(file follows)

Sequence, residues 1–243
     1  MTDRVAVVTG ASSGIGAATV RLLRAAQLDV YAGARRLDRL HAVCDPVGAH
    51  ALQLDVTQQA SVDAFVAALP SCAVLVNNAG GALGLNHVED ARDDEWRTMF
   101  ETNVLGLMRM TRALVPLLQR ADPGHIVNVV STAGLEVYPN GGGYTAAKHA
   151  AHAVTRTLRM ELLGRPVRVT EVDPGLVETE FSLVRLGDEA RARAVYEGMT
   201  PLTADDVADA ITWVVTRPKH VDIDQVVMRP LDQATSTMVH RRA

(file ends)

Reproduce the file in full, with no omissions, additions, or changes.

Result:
Sequence, residues 1–243
     1  MTDRVAVVTG ASSGIGAATV RLLRAAQLDV YAGARRLDRL HAVCDPVGAH
    51  ALQLDVTQQA SVDAFVAALP SCAVLVNNAG GALGLNHVED ARDDEWRTMF
   101  ETNVLGLMRM TRALVPLLQR ADPGHIVNVV STAGLEVYPN GGGYTAAKHA
   151  AHAVTRTLRM ELLGRPVRVT EVDPGLVETE FSLVRLGDEA RARAVYEGMT
   201  PLTADDVADA ITWVVTRPKH VDIDQVVMRP LDQATSTMVH RRA